The hike to Tiger’s Nest–a challenge for some, a pilgrimage for others–is an essential part of any visit to Bhutan. Nestled into a cliff 3,000 feet above the floor of the Paro Valley, and resting at an elevation of over 10,000 feet above sea level, Tiger’s Nest (or Paro Taktsang) is one of over 40 monasteries in the tiny Himalayan Kingdom of Bhutan.
“Twenty years from now you will be more disappointed by the things you didn’t do than by the ones you did do.” For me, this is travel. As a soon-to-be junior at Wake Forest University, constantly bogged down by the pressures that come with college, the opportunity to travel is something that I could never turn down. I’ve been lucky enough to grow up in a family that makes travel a high priority (active travel in particular), but it wasn’t until recently that I began to fully understand why I appreciate travel so much.
It’s 50-something degrees out and you’re soaked to the bone. You’re on an epic ride and your heart is beating like the bass drum of a metal band–fast. While standing at the top of a gnarly climb, you’re sure that the well-deserved descent will be steep and send you screaming past moving cars like they’re parked on the side of the road. The only dilemma is that you’re dripping sweat, fully kitted out in spandex, and going 45 mph sounds awfully chilly and unpleasant. With hypothermia around the corner, you realize you might have to squeal the brakes all the way back down the mountain. Having a windshirt would have turned this epic fail into an epic win.
I woke up toward the end of the drive from Salt Lake City to Southern Utah and realized the world had completely changed. The land was brilliantly red, and I could see across the sloping rocks for miles. It was unlike any landscape I had ever seen. The rocks there twist themselves into pillars, arches, giant craters and vibrating hoodoos as they reflect the brilliance of the sun. This land can be brutally hot during the summer, but it also invites you to participate in the world in a unique way. Since my first trip to St. George, Utah, I’ve never lost the awe I felt for the area’s interactive geography, myriad state parks, beautiful scenery and animal wildlife.
I’m flying down the hill at 50 miles an hour. Trees blow past me as I rapidly descend in elevation. Suddenly, smack in the middle of the road, I see two grizzly bears. I slam on the brakes, skidding sideways on my road bike. Somehow, I maintain control and stop, a mere 20 paces away from the two grizzlies. Startled, one runs to the side of the road, but the other holds his ground.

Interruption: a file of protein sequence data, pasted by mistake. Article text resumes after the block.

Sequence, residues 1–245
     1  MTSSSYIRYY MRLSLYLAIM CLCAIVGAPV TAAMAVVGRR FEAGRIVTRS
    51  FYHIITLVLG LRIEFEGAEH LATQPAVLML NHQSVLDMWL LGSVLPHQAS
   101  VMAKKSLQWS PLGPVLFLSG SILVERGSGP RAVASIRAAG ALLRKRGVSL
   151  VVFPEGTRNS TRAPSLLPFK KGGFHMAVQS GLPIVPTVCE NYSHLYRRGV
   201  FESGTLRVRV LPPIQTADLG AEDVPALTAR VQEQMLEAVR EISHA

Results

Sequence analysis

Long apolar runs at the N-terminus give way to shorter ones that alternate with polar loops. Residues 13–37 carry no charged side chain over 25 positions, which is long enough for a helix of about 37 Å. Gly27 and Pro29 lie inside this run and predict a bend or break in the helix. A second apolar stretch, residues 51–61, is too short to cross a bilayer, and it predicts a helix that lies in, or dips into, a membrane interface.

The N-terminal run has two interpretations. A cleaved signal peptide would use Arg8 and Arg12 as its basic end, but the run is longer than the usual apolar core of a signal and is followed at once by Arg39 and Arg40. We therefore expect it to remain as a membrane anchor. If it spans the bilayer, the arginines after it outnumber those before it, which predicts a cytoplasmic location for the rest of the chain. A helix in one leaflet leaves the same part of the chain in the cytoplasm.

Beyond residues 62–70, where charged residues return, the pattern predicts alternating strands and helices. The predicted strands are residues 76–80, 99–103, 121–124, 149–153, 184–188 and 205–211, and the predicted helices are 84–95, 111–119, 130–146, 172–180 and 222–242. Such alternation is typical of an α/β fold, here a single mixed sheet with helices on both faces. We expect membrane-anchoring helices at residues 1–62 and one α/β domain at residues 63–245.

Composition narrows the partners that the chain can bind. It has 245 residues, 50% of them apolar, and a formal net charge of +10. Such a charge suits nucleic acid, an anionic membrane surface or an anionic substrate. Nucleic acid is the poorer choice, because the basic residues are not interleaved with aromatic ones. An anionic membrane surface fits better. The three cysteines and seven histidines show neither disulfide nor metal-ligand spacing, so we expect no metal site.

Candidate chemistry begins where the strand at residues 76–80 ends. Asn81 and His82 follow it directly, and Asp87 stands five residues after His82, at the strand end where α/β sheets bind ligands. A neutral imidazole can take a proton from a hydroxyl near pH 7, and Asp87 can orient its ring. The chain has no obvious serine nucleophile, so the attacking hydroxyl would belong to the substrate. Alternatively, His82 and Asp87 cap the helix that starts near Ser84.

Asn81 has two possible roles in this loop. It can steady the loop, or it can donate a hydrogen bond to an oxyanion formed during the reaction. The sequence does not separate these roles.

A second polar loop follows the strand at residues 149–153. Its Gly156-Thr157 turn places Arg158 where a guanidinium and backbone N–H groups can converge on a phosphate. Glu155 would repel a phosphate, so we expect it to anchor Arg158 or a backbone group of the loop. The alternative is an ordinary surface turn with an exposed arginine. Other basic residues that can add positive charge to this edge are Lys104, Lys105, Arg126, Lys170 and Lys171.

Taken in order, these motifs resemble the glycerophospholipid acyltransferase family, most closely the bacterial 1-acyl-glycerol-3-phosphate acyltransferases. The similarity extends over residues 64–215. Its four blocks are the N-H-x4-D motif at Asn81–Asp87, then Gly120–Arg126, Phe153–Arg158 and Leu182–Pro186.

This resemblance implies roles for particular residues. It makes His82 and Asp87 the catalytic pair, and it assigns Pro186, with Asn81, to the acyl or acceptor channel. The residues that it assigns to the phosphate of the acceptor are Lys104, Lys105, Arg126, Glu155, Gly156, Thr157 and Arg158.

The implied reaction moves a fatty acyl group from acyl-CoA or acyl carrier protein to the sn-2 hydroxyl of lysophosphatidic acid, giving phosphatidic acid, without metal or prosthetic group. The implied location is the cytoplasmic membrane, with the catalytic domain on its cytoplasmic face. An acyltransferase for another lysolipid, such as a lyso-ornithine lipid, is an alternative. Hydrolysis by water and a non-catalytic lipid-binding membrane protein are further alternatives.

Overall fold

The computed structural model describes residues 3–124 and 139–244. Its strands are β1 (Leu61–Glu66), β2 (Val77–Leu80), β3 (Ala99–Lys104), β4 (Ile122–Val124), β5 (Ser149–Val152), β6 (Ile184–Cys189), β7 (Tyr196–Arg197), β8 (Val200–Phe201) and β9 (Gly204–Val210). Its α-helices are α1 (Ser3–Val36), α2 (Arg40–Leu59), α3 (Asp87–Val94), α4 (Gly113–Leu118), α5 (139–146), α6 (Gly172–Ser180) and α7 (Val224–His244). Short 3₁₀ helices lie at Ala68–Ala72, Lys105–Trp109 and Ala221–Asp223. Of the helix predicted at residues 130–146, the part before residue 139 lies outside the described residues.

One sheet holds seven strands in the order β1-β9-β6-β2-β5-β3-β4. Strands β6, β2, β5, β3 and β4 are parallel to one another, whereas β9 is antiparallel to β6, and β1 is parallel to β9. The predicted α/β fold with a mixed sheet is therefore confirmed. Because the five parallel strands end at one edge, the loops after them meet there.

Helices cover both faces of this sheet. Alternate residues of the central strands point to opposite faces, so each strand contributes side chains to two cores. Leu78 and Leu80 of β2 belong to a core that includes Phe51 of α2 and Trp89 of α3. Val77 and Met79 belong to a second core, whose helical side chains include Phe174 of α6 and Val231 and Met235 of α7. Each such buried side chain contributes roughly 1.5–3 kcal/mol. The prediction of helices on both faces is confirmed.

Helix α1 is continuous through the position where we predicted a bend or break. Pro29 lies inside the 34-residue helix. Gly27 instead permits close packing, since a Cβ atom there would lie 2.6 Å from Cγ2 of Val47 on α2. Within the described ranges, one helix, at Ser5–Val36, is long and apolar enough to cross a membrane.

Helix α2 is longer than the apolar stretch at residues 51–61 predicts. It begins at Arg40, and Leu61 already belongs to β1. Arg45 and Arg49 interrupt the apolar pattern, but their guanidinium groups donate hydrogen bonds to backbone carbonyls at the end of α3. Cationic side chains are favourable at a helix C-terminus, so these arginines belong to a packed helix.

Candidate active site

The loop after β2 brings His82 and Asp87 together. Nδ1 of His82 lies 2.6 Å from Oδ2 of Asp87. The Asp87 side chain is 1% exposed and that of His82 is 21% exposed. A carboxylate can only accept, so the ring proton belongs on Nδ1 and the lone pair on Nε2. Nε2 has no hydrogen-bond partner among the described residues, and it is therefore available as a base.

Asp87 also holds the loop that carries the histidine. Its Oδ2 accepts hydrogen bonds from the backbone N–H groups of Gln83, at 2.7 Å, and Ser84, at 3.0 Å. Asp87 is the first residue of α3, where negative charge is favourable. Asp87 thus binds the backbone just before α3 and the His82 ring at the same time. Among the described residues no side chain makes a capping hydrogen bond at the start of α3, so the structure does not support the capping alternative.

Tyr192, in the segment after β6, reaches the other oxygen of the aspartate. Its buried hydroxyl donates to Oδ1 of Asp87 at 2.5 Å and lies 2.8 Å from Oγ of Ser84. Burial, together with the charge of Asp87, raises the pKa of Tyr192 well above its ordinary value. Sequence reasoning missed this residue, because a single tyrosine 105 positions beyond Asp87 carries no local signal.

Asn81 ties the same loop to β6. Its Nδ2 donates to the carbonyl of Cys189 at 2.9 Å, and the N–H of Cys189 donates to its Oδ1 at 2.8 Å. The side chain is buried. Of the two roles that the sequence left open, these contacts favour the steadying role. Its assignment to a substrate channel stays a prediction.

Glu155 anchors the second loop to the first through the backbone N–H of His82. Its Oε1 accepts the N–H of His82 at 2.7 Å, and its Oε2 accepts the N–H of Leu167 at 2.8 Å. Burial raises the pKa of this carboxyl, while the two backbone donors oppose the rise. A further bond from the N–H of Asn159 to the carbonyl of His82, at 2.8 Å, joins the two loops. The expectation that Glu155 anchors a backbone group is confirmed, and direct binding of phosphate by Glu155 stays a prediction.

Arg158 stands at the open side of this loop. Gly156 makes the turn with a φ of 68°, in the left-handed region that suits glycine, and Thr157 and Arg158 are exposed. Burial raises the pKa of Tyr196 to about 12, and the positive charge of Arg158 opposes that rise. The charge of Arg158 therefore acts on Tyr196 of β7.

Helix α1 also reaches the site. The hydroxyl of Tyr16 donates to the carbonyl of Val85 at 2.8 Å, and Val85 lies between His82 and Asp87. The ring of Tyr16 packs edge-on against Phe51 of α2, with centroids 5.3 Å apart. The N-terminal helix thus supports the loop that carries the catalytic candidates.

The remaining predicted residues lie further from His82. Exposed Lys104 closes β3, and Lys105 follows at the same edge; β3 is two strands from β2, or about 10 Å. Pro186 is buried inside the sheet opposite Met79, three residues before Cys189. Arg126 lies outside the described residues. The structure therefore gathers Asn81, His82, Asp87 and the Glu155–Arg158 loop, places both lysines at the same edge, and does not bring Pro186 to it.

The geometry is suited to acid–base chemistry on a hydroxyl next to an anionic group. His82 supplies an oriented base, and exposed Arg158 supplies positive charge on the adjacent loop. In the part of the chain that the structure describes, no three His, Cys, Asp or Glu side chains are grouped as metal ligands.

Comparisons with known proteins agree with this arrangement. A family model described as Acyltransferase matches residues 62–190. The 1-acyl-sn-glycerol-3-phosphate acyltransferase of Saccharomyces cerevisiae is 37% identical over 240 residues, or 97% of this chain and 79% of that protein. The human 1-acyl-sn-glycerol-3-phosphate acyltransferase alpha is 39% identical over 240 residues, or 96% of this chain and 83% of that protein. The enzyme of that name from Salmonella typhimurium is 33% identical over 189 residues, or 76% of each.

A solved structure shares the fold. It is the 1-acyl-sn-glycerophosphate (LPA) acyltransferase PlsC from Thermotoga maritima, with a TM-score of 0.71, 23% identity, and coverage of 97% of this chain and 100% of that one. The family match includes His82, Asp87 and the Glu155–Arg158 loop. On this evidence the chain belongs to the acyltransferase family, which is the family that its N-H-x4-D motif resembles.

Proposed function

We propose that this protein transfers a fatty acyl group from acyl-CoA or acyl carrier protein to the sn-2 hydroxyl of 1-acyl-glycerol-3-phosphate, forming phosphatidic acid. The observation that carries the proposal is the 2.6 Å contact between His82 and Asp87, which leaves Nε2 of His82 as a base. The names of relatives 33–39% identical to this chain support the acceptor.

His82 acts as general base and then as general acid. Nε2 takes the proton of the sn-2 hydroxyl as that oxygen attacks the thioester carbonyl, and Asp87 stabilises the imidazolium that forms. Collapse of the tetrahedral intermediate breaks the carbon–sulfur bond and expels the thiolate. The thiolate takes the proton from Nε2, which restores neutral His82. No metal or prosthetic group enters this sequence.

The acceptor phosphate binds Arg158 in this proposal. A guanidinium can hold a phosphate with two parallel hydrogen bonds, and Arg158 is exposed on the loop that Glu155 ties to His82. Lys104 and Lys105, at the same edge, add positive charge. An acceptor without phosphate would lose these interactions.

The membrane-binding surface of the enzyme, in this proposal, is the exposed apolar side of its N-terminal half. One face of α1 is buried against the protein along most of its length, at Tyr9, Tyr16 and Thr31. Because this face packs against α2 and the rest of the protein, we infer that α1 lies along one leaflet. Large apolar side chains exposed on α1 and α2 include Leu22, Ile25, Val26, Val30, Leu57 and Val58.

Happy comfortable feet empower you to tackle indulgent adventures and find delight in every moment. Having proper footwear should be priority numero uno as you begin packing for your trip. Whether you are biking, hiking or dancing your way through your vacation, these are the best ways to take care of your most-used instruments of travel, your feet.
The wind is blowing in your face, which is usually a pleasant feeling but today it’s making the riding one hell of a lot tougher. Your head feels heavy and your eyes are fixed on the tarmac just inches ahead of your front wheel, the beautiful scenery stopped mattering a long time ago. As the sweat drips from your face, you struggle to find your breath and you wonder, “How in the hell was I ever talked into going on an active travel trip?”
Here’s the first thing you should know: how you perform at high altitude can have very little to do with your fitness level. So let yourself off the hook for that one. Of course, being fit and healthy always increases your resilience and helps you recover more quickly from challenges. So it doesn’t hurt. Get fit. But don’t beat yourself up if you’ve done all your stair training and still find yourself breathless in Iquitos.
Stepping outside your comfort zone is an extraordinary opportunity although it’s something we often shy away from as we tend to find solace in the routine of our lives. Our group of 22 women just returned from a private Backroads mountain biking trip in Argentina’s Lake District. From the moment we met our Backroads leaders, our group of accomplished, take-charge women began to let go of our insecurities and ease into the rhythm of our adventure.
Patagonia, the geographical region of the Southern Andes shared by Argentina and Chile, is often referred to as one of the last great frontiers. It’s a remote, spectacular landscape of craggy, jagged peaks that protrude skyward out of windswept pampas…